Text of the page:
Tonight I realised how lucky I am to a be a part of a great, respectful parenting partnership…
It was dinner time and Lucy (3.5 years) was objecting to eating, which she often does. We have learned to let go of our eating expectations and are happy to offer a range of nutritious food throughout the day and let the children decide what they will eat and how much. We often calmly state to Lucy: “If you are not hungry, you do not have to eat your dinner.”
Tonight, however, she was clearly overtired and ironically I think, over-hungry. The meal was spaghetti bolognese which she has eaten many times before so the flavours were not the problem. She asked for milk, then water, then milk mixed with water, then just water again. This was a clear sign to us that she had some pent up emotion and needed to release it.
I set the limit she needed and explained to her that she already had a drink and could finish that before having any more. She became very upset and agitated and there was a risk both food and drink was going to end up all over the floor as she fought to gain a grip of the water bottle.
Hubby left the table at this point as he was struggling to stay mindful and respectful. He did this calmly, though, and not in a reactive manner. I made the decision to carry Lucy to her room so she could be in a safer environment to release the emotion. She continued to escalate in her room and she became quite aggressive towards me as I sat nearby her. I could have left but I felt that even though she was screaming at me to leave, I needed to stay present whilst she was in this state. I moved just out of her room but stayed close.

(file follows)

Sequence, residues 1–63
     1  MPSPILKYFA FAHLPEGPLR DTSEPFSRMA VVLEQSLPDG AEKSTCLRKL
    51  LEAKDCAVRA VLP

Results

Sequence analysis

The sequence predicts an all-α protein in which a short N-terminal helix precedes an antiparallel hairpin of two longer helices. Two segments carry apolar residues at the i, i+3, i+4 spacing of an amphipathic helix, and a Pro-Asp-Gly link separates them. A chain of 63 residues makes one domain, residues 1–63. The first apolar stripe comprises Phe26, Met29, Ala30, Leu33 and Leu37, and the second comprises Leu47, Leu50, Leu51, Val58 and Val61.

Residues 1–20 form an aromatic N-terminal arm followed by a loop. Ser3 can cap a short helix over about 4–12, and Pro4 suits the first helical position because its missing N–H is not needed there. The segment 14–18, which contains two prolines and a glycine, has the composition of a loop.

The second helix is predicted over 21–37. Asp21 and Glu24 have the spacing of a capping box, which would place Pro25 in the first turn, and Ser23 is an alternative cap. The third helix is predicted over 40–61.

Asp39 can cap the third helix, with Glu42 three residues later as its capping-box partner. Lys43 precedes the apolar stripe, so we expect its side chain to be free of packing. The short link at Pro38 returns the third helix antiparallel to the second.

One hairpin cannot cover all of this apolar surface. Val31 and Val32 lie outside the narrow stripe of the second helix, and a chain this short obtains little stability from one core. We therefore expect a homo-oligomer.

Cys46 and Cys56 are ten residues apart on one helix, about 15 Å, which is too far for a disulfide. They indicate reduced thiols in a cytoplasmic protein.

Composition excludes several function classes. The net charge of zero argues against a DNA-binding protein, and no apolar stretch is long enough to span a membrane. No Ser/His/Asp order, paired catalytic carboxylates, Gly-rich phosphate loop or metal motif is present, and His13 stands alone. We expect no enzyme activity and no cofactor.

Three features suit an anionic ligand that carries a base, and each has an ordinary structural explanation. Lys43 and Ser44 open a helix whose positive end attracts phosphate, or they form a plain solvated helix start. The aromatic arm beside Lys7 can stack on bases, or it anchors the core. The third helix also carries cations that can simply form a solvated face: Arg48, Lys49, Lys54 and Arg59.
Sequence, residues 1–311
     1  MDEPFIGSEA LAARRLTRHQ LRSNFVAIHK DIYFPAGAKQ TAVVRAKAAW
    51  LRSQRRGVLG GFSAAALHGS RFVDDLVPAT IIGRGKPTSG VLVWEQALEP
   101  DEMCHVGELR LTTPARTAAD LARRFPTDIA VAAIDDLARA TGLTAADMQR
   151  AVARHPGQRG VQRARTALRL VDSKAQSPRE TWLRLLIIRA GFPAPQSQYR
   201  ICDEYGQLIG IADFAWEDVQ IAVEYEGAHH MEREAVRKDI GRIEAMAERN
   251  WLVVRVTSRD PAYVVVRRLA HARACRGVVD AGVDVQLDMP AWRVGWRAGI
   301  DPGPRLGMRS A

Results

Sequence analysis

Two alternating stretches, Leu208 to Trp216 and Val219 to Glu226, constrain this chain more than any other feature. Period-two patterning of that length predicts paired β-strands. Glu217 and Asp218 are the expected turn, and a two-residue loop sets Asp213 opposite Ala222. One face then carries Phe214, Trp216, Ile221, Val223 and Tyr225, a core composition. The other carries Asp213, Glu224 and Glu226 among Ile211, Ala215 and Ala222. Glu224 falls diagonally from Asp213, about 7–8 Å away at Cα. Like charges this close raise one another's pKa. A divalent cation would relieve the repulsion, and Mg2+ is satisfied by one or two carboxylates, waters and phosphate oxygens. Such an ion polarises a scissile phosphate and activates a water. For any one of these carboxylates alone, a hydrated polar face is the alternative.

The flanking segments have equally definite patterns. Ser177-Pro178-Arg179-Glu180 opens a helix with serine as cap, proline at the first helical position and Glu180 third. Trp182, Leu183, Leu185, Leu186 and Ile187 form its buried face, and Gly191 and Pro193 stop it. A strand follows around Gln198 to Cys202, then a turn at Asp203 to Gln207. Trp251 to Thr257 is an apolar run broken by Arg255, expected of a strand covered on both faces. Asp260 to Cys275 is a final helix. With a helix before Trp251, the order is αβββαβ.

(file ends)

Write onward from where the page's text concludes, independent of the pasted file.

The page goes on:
After five minutes or so, I received a blow to my face that I was not ready for and it activated my own angry trigger immediately. I signalled with a look to my husband that I needed a break and he stepped in and took on my role. He had had some time to collect his thoughts and re-engage his mindful self. He sat patiently with her, giving her some time to work through her emotions. He then took her for a walk outside to get some fresh air and clear perspective.
Now, I jumped into the shower at this point to clear my own head so I am not sure what transpired or what father-daughter talks were had on this walk but when they returned, Lucy was back to her cheerful self and it was as though, nothing had happened.
I am so thankful to have a parenting partner who believes in the same respectful and peaceful parenting philosophies I do and can also recognise when he needs to step in and ‘rescue’ me before my triggers get the better of me.
Between the two of us we were able to support my daughter through some pretty crazy, intense emotions without becoming reactive to her testing behaviour. She was able to release these feelings safely and subsequently went to bed free from the burden she had been carrying.
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